Environment: Removing carbon dioxide directly from the atmosphere could help combat climate change. Will it really work?
Preventing catastrophic climate change, most people agree, will mean reducing the level of man-made carbon dioxide (CO2) in the atmosphere. That, in turn, will require the widespread use of “low carbon” technologies such as solar and wind power, more energy-efficient buildings, and so on. Some countries have pledged to reduce their greenhouse-gas emissions by 80% by 2050, and campaigners are calling for cuts of 90% or even 100%. New Zealand, Costa Rica and Norway are racing to become the world's first “carbon neutral” country. But some researchers think there might be a simpler way to reduce the level of CO2 in the atmosphere: to build “air capture” machines that, as their name suggests, grab it from the air.
This is not as mad as it sounds. After all, such machines already exist. they are used to “scrub” carbon dioxide from the air on board submarines and spacecraft. “It has been around for decades, but the only people who cared were at NASA, because too much CO2 in a space shuttle means you die,” says Matthew Eisaman, a researcher at the Palo Alto Research Centre (PARC) in California. Proponents of air capture propose scaling up such machinery so that it can process the atmosphere directly, extracting the CO2 so that it can be sold for industrial use or stored underground.
In some respects this is a more ambitious version of the “carbon capture and sequestration” (CCS) technology that is being developed to strip carbon dioxide from the exhaust gases produced by coal- and gas-fired power stations. The exhaust from a coal-fired power station is around 10% carbon dioxide, however, whereas the level in the atmosphere is a mere 0.04%. But scientists working on air capture suggest that this difference is not as significant as it may seem, and that the kinds of industrial methods needed to strip CO2 from the air have already been proven in industrial processes such as papermaking.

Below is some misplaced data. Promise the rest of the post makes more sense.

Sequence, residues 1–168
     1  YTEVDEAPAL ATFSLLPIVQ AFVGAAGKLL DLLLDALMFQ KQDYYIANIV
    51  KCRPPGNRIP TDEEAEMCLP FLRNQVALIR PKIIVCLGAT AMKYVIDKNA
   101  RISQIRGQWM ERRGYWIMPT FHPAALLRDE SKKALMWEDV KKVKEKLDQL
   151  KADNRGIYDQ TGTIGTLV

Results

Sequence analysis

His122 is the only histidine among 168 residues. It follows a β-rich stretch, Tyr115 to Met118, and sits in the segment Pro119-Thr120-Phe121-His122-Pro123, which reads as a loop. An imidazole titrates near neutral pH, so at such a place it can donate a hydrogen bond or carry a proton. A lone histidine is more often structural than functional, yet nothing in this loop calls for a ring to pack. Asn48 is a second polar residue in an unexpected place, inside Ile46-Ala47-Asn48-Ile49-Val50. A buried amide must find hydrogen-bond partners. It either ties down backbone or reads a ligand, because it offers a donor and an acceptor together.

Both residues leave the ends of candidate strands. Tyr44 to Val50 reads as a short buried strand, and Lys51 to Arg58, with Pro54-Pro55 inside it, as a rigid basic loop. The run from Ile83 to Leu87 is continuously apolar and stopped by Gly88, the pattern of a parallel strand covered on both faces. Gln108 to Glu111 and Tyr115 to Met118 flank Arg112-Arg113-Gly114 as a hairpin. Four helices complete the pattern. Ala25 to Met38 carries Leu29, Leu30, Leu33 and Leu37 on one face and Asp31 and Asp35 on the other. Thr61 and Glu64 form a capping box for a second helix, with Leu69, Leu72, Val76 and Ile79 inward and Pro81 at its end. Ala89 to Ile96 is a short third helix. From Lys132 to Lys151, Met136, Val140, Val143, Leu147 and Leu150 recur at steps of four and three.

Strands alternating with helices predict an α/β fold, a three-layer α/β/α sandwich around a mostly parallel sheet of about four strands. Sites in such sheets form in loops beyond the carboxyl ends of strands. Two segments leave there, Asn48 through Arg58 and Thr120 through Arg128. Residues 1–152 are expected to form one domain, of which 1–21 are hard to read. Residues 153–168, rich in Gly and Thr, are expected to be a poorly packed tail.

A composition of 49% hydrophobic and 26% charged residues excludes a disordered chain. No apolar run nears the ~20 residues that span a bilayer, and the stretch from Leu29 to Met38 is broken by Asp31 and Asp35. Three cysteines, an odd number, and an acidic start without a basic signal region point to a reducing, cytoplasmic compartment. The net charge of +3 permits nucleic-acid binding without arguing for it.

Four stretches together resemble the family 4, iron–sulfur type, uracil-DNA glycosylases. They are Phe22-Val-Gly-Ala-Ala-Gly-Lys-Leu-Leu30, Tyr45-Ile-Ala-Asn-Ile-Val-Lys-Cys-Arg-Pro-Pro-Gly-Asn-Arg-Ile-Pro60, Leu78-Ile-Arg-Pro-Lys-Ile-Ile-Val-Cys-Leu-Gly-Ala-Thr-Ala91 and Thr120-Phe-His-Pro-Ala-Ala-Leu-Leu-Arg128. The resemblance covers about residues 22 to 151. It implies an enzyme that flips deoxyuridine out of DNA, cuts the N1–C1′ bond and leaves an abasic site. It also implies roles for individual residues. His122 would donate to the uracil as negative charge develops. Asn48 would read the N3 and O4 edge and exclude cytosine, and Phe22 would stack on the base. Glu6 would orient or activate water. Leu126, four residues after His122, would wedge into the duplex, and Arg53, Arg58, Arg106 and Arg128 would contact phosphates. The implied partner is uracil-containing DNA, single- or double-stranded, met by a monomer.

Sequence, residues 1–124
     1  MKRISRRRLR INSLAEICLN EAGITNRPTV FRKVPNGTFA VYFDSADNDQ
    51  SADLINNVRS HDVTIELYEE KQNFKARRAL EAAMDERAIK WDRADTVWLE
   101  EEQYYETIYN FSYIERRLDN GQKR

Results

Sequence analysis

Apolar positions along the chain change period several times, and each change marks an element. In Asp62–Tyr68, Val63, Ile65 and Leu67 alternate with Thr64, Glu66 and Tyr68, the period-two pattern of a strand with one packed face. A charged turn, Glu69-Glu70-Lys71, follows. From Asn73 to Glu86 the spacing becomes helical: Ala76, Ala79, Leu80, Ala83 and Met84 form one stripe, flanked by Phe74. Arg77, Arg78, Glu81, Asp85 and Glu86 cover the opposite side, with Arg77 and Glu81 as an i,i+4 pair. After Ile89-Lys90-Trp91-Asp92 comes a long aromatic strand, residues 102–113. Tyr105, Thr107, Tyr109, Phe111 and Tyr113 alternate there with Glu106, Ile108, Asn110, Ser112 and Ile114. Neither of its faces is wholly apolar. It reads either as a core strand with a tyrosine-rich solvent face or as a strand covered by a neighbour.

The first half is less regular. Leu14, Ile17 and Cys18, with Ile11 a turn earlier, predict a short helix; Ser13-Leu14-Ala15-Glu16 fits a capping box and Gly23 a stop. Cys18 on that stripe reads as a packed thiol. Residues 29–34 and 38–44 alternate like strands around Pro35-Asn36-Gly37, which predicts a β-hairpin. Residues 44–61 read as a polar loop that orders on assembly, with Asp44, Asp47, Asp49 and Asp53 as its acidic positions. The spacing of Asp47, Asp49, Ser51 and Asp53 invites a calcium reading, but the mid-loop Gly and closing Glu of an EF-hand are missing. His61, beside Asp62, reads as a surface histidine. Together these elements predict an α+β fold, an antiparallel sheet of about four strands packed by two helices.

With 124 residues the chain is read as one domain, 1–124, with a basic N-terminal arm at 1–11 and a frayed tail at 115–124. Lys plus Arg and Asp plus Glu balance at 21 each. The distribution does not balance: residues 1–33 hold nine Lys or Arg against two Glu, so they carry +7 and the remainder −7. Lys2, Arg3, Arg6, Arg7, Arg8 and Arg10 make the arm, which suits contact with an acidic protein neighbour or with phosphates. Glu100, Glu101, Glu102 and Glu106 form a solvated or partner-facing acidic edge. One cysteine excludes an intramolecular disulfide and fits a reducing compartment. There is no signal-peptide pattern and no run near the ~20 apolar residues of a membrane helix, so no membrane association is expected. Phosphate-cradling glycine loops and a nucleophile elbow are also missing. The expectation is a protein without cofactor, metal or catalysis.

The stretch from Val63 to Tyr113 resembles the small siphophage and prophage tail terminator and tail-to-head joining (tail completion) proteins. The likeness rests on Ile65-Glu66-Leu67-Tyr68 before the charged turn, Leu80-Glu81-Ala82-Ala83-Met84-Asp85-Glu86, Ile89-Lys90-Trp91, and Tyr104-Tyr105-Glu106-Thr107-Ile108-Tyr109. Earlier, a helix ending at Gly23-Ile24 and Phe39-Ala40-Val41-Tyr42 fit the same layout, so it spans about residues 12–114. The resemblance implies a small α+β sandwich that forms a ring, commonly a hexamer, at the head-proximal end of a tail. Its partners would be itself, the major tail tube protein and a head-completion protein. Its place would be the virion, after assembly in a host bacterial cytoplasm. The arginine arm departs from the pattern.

Air capture has the further advantage that it can be done anywhere, not just in places where carbon dioxide is being emitted, such as power stations. An air-capture plant could, for example, be set up at a site where CO2 can be easily stored, such as an empty oilfield, and air capture would open the way to capturing emissions produced by millions of cars and aircraft.
If air capture is to get anywhere, however, it must overcome three sets of objections: technical, financial and political. The process is no good if it produces more carbon-dioxide emissions than it removes from the atmosphere. Nor is it of any practical value unless the cost of removing each ton of CO2 is lower than the alternatives. And whether or not it can be made to work efficiently and cheaply, air capture will be politically controversial because the mere possibility of its deployment could be used as an excuse to put off other action to reduce emissions.